A Canadian school teacher who spent the past five years in an Indonesian prison on child sex abuse charges he’s long denied said Thursday that he had returned to Canada after being granted clemency.
Neil Bantleman issued a brief statement saying the government of Indonesia, where he once worked and had expected to spend more than a decade in prison, had recently allowed him to go free.
“Five years ago I was wrongfully accused and convicted of crimes I did not commit and furthermore never occurred,” Bantleman said in the statement. “I applied for clemency which I am pleased was granted by Indonesia last month upholding essential justice and human rights.”
Bantleman, 50, did not immediately provide details on his current location or the circumstances of his release, and requested privacy so he and his wife Tracy could focus on reconnecting with family and friends.
His return to Canada marks the end of a lengthy saga that centred around a prestigious international school in the Indonesian capital and ultimately involved considerable legal wrangling as well as lobbying from Canadian government officials.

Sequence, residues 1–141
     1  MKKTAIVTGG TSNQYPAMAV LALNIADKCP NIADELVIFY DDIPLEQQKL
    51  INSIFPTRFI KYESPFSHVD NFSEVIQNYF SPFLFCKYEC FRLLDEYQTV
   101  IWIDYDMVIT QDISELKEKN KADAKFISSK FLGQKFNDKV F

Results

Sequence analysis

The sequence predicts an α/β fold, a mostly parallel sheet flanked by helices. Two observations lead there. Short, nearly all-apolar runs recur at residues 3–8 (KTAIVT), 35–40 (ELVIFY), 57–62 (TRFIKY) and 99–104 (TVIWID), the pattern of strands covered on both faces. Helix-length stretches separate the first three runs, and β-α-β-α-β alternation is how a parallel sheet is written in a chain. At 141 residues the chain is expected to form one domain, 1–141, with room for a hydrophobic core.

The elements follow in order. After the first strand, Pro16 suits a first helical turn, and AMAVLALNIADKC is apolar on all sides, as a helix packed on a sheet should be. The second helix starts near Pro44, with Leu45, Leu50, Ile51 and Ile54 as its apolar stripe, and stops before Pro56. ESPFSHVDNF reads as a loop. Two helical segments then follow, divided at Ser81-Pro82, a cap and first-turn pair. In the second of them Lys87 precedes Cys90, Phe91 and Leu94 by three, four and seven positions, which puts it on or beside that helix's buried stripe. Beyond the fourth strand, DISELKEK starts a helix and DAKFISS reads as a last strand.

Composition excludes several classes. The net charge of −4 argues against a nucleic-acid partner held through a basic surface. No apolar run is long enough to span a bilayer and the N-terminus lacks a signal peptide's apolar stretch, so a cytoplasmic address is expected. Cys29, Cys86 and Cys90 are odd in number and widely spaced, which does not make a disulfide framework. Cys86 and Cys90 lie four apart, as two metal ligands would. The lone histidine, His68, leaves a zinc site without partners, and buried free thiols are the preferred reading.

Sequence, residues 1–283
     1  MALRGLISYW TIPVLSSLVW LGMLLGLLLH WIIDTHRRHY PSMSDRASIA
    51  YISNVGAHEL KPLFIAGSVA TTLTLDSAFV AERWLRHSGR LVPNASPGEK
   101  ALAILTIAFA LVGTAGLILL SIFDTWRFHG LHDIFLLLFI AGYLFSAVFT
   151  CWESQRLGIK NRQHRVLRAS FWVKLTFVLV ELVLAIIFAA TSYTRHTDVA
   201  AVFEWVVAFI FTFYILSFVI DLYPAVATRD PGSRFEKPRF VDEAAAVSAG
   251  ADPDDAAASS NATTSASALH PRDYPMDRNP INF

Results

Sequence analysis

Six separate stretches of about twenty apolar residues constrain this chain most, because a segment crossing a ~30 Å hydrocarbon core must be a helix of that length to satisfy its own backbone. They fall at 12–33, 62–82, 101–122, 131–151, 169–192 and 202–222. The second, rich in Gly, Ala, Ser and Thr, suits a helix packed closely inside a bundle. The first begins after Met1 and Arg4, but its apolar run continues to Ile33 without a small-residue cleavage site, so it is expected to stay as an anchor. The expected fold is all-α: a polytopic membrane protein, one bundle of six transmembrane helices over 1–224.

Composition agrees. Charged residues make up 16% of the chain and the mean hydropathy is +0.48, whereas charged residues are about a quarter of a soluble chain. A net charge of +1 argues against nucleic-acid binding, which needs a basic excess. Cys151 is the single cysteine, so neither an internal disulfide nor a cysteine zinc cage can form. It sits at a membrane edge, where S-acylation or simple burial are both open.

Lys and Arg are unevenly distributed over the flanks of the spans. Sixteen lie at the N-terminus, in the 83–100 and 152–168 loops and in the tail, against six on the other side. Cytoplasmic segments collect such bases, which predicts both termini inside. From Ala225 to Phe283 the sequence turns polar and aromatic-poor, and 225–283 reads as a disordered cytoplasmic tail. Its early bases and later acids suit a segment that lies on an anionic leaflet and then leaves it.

Bantleman, who is from Burlington, Ont., was first arrested in July 2014 while teaching at what is now known as the Jakarta Intercultural School, an educational hub for the children of diplomats and other expatriates.
Bantleman was accused of sexually assaulting three male students at the school.
He was initially convicted and handed a 10 year prison sentence, but was released after the decision was overturned.
He was put behind bars once again when Indonesia’s highest court quashed his acquittal in 2016. In doing so, court officials added one year to his prison term and sentenced him to 11 years behind bars.
At that time, the federal government issued a statement saying it was “deeply dismayed and shocked” at the ruling.
An Indonesian teaching assistant, Ferdinant Tjiong, was arrested on the same charges and prosecuted alongside Bantleman.
The Canadian teacher’s family vehemently defended the innocence of both men, maintaining that both were the victims of a corrupt Indonesian justice system.
Bantleman’s family had previously said federal officials were raising their relative’s plight with their counterparts in Indonesia, but no word of negotiations had been released for months prior to his return to Canada.
Global Affairs declined to comment on Bantleman’s release, but the teacher himself offered thanks to the government for what he described as its “steadfast commitment to seeing us home.”
Bantleman and Tjiong were not the only ones arrested in the case.
Four male janitors at the school were sentenced to eight years in prison, while a woman received a seven-year sentence as an accomplice. Police said a sixth suspect died by suicide while in custody.
Michelle McQuigge, The Canadian Press